SOCHI, Russia — Patrick Kane stood there, his head sagging just a bit, trying to make sense of what had just happened — how his high-flying team had just been completely shut down, how his dream of winning a gold medal had just been dashed, again, by his nearest rivals and a few of his closest friends.
As he spoke in the moments following Canada’s tense 1-0 victory over the United States in the Olympic semifinals on Friday night, a triumphant Jonathan Toews walked by, no hint of glee or gloating on his face, and briefly put his hand on Kane’s shoulder.
Brothers always. But rivals on this day.
“He’s a great player, I respect him as a guy and as a hockey player,” Toews said. “But those are big games. Everyone’s playing for their country and for their team, and at the end of the day, for themselves and their families. So we wanted that one pretty bad.”
And they got it. Again.
Four years and 5,000 miles from Vancouver, the Canadians once again one-upped the Americans. In 2010, it was Sidney Crosby’s golden goal in overtime. On Friday, it was a 31-save shutout by Carey Price, a lone goal by Jamie Benn, and a brilliant shutdown performance by Toews, Patrick Marleau and Jeff Carter on the Americans’ red-hot line of James van Riemsdyk, Joe Pavelski and Phil Kessel.
Jonathan Quick was spectacular for the U.S., making 35 saves, many of them extraordinary. But one was all Canada needed.
In a game with a breathtaking pace featuring two of the fastest teams ever assembled, Canada won not because of the immense offensive talent on its roster, but because of the tenacious forechecking and backchecking of its superstar forwards, the steady work of its defensemen in clearing the slot, and the strong play from its supposedly only weakness in goal.
So after a week of teeth-gnashing in Canada over its team’s lack of offensive punch, Canada punched back, and earned a spot in Sunday’s gold-medal game against Sweden.
“A lot of you expect us to be there, and expect us to just show up in the final and have the chance to play for the gold medal,” Toews said. “But we knew it was going to be a lot of work, a lot of effort, a lot of adversity to get there. A lot of people want to talk about this and that and maybe things they think aren’t so strong about our team. We knew all along that we were doing a lot of great things and we were going to continue doing that. As you saw tonight, again we didn’t swore a lot of goals, but we didn’t have to [in order] to win. The next game we’ll follow that trend, we’ll follow that work ethic. We can check, we can work our tail off, and we can make things really tough for the other team. And we’ll find a way to win.”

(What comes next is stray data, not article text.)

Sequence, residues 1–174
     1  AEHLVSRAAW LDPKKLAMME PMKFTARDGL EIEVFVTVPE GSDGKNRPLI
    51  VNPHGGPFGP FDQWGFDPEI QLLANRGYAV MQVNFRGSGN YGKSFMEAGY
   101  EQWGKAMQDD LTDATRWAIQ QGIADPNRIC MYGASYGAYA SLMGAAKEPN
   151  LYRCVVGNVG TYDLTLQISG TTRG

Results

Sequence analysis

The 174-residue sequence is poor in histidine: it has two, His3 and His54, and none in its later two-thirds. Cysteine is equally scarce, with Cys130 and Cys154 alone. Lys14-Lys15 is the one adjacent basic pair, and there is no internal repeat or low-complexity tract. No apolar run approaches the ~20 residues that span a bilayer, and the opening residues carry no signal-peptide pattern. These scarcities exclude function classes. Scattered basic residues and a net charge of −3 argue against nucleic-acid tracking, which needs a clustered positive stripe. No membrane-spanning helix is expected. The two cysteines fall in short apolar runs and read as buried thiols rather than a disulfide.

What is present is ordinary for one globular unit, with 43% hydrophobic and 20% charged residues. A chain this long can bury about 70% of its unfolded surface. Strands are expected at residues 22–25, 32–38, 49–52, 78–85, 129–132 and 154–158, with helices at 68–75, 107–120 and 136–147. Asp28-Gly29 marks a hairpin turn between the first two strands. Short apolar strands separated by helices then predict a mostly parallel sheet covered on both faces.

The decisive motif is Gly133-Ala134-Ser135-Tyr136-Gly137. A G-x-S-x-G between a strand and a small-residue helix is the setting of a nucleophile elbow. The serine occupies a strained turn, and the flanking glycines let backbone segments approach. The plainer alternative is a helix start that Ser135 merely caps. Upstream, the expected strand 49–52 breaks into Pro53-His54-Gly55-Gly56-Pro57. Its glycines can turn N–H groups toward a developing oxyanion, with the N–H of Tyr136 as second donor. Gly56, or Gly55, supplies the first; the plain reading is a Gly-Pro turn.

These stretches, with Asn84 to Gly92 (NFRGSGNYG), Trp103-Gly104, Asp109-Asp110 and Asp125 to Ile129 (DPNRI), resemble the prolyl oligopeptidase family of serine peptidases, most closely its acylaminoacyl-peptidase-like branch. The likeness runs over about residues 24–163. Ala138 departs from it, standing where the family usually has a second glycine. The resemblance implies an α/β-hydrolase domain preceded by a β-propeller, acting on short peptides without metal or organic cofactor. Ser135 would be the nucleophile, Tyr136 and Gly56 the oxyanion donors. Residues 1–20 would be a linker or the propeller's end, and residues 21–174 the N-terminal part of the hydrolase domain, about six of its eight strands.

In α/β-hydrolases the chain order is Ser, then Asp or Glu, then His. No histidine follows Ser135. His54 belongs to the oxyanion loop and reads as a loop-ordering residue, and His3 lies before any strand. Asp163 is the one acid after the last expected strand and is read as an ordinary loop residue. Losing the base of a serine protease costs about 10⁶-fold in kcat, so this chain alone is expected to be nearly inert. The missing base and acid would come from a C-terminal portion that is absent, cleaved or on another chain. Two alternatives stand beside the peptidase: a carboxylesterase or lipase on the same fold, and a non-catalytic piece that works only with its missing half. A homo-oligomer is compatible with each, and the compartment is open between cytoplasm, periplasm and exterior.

It’s Canada’s game — as the Twitter hashtags giddily pointed out before, during and especially after the game. But after slogging through four games against European teams, Canada won by paying America’s game — fast, ferocious, and in-your-face.
The Americans, meanwhile, after a strong start, looked passive and disjointed — “terrible,” was how defenseman Ryan Suter put it — and nothing like the dynamic team that won its four previous games in impressive fashion.
“It probably worked to both teams’ style a little better,” Canada defenseman Duncan Keith said. “We feel we can play any game, and we’re in the final for a reason.”
Said Kane: “They played great. They had the puck a lot and kept it in our end. They probably did a little bit of what we wanted to do.”
The narrative pointed to this game as the one in which the Americans could stake their claim as true hockey superpowers, and complete the rise they started with their surprising run to the 2010 gold-medal game. But while they haven’t won gold since 1980, it was a phony story line to begin with. At the highest levels of hockey, the U.S. already is there, standing toe-to-toe and skating neck-and-neck with the Canadians and the Swedes and the Russians and the Finns.
Two one-goal losses in four years don’t erase the strides U.S. hockey has made. The strides U.S. hockey has made only makes two one-goal losses in four years that much more agonizing. That’s the clearest sign of progress — great expectations, and greater disappointment.
But now the Americans have to refocus for a bronze-medal game against Finland, less than 24 hours after their hearts were ripped out by their nearest — and biggest — rivals.
“We don’t have a choice,” defenseman Cam Fowler said. “It’s one more time to wear this red, white and blue for our country, and hopefully bring home some hardware and do it proud. It’s obviously a sick feeling that we didn’t get the job done tonight, but we’ve got one more chance to make this trip worth it.”
Or, as Kane more succinctly put it: “It’s better than nothing.”